Shareholder-lender Mergers and Capital Expenditure Forecasts


Student thesis: Doctoral Thesis

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Award date27 Apr 2022


Using mergers between lenders and shareholders of the same firm as an exogenous shock to dual holding, this study examines how the presence of dual holders (i.e., investors who hold both debt and equity claims) affects capital expenditure forecasts. Prior evidence suggests that capital expenditure forecasts can function as a commitment mechanism and help reduce contracting costs with creditors. I posit that the presence of dual holders reduces the marginal benefits of capital expenditure forecasts as dual holding mitigates shareholder-creditor conflicts. Consistent with this prediction, I find that capital expenditure forecasts decrease after the exogenous emergence of dual holders. The negative relation between dual holding and capital expenditure forecasts contrasts to the positive relation between dual holding and management earnings forecasts documented in a recent study, suggesting a multi-dimensional relation between dual holding and voluntary disclosures.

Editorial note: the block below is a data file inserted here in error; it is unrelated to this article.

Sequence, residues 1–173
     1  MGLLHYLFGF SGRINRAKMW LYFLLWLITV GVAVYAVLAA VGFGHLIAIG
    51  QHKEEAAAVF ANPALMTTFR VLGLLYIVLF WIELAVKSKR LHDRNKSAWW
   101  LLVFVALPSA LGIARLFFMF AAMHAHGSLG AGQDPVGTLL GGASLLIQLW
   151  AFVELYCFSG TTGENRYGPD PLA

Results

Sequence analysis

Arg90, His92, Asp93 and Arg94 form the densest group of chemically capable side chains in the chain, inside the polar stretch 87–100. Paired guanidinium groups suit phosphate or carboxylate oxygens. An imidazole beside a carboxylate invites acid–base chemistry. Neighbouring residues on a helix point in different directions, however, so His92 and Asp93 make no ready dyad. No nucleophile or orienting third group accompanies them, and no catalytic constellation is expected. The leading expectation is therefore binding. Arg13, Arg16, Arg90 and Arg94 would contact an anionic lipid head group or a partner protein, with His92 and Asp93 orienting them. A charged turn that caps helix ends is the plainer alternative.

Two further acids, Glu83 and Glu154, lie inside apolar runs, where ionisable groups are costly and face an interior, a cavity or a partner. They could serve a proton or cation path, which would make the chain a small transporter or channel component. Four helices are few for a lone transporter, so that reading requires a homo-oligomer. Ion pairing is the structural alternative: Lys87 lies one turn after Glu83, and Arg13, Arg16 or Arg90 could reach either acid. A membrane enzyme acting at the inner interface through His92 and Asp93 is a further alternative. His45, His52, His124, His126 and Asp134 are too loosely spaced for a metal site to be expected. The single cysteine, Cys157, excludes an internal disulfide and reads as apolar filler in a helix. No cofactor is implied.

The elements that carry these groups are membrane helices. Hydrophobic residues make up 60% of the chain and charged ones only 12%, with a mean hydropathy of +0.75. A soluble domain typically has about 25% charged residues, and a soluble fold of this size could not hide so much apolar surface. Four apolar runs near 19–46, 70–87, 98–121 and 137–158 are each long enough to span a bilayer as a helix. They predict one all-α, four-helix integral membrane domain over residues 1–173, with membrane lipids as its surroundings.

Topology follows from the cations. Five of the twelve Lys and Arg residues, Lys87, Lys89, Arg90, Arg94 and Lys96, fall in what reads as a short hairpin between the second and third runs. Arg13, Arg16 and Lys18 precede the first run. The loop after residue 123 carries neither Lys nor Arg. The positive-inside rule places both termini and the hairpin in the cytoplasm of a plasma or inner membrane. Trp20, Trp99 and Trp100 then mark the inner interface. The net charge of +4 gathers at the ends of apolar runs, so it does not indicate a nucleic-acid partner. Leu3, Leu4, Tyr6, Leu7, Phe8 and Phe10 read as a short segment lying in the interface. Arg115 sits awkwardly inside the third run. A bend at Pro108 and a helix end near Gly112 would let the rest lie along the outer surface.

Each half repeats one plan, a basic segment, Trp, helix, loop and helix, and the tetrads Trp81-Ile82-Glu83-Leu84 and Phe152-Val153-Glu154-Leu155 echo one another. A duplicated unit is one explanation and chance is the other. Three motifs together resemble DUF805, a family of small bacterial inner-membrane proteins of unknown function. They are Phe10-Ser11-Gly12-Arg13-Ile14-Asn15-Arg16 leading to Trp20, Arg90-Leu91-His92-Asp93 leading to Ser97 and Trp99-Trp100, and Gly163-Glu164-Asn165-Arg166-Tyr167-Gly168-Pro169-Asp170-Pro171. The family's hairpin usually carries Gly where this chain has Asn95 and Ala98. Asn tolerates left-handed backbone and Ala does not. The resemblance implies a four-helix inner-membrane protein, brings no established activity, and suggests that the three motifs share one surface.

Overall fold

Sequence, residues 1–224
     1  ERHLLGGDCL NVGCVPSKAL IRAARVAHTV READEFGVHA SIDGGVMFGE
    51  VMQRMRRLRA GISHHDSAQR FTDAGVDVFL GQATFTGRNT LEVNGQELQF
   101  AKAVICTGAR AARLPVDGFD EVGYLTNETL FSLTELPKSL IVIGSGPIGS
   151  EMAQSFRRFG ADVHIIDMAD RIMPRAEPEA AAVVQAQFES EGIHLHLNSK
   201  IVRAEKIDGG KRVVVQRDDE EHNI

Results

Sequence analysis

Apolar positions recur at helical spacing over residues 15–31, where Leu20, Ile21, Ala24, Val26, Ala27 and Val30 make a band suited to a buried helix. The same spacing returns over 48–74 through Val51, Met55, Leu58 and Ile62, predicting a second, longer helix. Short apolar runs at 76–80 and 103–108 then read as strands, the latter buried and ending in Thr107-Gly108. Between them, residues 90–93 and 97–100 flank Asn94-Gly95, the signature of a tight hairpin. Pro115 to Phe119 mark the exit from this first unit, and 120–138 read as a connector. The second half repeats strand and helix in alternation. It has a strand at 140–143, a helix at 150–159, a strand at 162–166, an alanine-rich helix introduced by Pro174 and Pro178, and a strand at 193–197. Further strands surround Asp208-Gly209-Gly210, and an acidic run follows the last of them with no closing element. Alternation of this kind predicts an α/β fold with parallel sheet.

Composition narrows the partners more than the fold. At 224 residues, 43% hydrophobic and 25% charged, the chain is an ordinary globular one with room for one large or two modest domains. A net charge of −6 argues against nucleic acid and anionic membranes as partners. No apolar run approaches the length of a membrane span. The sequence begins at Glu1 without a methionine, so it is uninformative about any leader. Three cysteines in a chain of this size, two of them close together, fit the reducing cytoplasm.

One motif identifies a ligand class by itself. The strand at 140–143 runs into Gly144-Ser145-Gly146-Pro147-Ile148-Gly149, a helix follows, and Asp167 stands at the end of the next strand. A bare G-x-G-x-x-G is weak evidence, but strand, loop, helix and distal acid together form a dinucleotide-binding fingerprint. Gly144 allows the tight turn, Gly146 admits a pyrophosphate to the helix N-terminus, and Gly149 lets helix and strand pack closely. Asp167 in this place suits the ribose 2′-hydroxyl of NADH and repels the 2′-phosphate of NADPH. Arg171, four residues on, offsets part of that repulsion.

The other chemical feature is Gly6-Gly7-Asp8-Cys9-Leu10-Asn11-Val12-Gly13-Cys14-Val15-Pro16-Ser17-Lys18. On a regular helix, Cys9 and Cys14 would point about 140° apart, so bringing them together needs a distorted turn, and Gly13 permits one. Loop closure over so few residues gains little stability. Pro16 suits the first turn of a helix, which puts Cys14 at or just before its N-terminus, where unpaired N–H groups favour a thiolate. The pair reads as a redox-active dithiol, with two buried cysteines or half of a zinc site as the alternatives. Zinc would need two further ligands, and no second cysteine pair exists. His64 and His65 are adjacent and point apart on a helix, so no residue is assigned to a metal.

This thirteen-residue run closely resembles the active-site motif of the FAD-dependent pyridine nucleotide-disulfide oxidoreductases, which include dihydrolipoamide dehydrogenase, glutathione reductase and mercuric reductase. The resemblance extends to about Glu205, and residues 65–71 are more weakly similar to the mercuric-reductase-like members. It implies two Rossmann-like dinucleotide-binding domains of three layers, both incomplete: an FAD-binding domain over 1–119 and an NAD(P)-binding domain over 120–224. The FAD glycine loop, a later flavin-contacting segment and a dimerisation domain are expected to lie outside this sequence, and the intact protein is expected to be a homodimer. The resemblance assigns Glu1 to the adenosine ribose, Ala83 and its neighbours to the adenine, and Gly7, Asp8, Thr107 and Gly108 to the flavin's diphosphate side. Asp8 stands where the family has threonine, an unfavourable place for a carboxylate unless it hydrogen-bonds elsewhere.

Research areas

  • dual holding, capital expenditure forecasts, corporate disclosure, shareholder-creditor conflicts, difference-in-differences